Wide attacking runs and crosses

Area

Just over half a pitch

Equipment

Balls, bibs, cones, mannequins, 4 goals

No. of players

Up to 20 players + 4 goalkeepers

Session time

Passing drill: 4mins, Progression: 4mins, Attacking the flanks: 15mins, Fast attacks: 20mins, 12v12 game: 20mins

This training session encourages players to make attacking runs in wide areas of the pitch leading to crosses into the penalty area.

The session is particularly about the accuracy of crossing and in all parts of the session the crosser is given more than one target to aim for.

In the modern game, with so many teams now looking to get overloads in the central midfield areas, it has become ever more important to be competitive and efficient in the wide areas of the pitch. Although this session leads into crossing and finishing, it is also about the timing of the runs.

I would tend to run this session regularly, particularly as many of my teams have often played with wingers. It’s also relevant to the modern game because of what we expect of today’s attacking full backs.

I would also run this session before we played against opponents where we felt we could benefit from getting overloads or space in the wide area.

PASSING DRILL

We set up a playing area of 44×44 yards with a 10-yard midfield box in the centre. We’re using 10 outfield players, with a back four in each end zone and two midfielders in the central box.

Play starts with the ball being played across the back four before being passed into the centre zone by a centre back. The highest midfielder receives and lays it back to the deeper midfielder to play wide.

A full back makes a well-timed run to receive the pass and then plays it on to one of the centre backs in the opposite end zone, as shown [1a].

1a

1. The ball is played across the back four before being passed into the centre zone by the right-sided centre back
2. The highest of the rotating midfielders receives and lays the ball back to the deeper midfielder
3. The deeper midfielder plays the ball wide to the right back, who makes a well-timed run to receive and passes it into the opposite end zone

The receiving centre back passes to the other centre back, who receives and plays a pass to the highest midfielder and the drill repeats in the opposite direction, as shown [1b].

1b

1. The receiving centre back passes to the other centre back
2. The centre back receives and passes to the highest midfielder, who lays the ball back to the other midfielder
3. The deeper midfielder plays the ball to the full back, who makes a well-timed run to receive and passes it into the opposite end zone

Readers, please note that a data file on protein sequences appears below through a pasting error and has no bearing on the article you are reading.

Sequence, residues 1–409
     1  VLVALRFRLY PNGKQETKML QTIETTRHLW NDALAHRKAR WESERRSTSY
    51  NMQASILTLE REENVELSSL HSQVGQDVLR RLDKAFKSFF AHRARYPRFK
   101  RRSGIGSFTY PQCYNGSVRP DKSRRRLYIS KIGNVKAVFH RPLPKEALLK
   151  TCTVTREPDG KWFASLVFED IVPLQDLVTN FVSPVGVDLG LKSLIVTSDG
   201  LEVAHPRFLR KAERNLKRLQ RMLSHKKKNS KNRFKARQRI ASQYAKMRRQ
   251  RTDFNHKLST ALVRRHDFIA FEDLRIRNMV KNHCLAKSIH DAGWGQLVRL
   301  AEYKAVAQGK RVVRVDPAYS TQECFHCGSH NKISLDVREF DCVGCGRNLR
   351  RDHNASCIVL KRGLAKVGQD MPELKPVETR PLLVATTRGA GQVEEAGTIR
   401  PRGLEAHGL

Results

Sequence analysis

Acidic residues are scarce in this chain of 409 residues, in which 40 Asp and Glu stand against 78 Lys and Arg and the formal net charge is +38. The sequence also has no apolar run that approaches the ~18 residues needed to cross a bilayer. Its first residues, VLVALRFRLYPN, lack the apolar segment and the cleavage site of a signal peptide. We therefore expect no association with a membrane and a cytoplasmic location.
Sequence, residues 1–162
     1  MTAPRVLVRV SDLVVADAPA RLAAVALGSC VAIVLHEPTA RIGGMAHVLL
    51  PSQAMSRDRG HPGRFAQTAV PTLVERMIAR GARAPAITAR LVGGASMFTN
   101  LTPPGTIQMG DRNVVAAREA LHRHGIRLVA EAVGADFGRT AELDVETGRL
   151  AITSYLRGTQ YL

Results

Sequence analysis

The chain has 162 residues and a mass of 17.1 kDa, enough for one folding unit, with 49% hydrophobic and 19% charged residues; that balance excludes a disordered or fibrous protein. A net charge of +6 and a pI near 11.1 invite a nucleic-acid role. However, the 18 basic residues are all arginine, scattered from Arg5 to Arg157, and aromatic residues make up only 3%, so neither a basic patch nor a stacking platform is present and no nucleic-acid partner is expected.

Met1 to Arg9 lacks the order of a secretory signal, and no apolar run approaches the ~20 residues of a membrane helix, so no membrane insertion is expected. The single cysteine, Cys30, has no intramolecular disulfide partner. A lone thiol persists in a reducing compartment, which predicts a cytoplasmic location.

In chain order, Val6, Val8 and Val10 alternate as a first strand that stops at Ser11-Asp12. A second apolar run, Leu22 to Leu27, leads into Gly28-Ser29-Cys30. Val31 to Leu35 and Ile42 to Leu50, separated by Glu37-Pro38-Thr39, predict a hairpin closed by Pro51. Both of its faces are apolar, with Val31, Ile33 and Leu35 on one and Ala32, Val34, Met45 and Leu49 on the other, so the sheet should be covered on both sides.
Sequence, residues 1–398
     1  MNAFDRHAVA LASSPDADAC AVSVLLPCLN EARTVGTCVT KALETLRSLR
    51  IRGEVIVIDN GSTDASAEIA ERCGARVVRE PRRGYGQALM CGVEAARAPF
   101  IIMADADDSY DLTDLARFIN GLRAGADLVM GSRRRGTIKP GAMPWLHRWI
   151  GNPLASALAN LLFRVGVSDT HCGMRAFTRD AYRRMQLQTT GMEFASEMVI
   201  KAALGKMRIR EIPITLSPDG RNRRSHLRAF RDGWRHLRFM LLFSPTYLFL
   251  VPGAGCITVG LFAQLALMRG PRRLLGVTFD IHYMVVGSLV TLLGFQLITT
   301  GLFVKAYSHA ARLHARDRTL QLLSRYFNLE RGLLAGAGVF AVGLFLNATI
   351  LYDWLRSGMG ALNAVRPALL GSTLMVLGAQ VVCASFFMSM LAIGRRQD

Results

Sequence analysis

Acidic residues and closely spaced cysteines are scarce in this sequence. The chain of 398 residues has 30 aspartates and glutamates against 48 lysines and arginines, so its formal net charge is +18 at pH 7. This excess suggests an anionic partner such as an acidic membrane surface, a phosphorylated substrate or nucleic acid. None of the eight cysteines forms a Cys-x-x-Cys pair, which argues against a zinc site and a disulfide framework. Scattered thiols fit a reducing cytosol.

We play for four minutes. After two minutes we go in the opposite direction and play up the other side of the playing area.

We set up as before in a playing area of 44×44 yards with a 10-yard box in the centre. Again, we’re using 10 outfield players, with a back four in each end zone and two midfielders in the central box. This drill uses the same principles as before but with different movement across the back four.

Here we are looking to develop the passing range and imagination of the players. The ball can now travel across back four more frequently, as shown [2a], and the forward pass to the higher central midfielder can come from any one of the back four players. Also the wide player’s pass into the end players can now go to any of the back four, as shown [2b].

2a

1. This drill uses the same principles as before with different movement across the back four
2. The ball can now travel across the back four more frequently. Here the full back returns it to the centre back
3. Now the forward pass to the higher midfielder can come from any one of the back four players

2b

• In this progression the wide player’s pass into the end players can now go to any one of the back four

We play for four minutes. After two minutes we go in the opposite direction and play up the other side of the playing area.

ATTACKING THE FLANKS

We set up a goal and a goalkeeper in the penalty area with an 18×15 yard crossing zone marked out next to the penalty area. A second 18×15 yard possession box is marked out on the same flank, as shown [3].

3

1. Play 4v4 in the possession box. The two teams of four are two-touch. The two yellows floaters play for the team in possession and are one-touch
2. If the possession team makes five passes, one player is released into the crossing zone to receive a pass and he has two touches to cross
3. The two yellow floaters double as strikers. They make runs into the penalty area to finish from the cross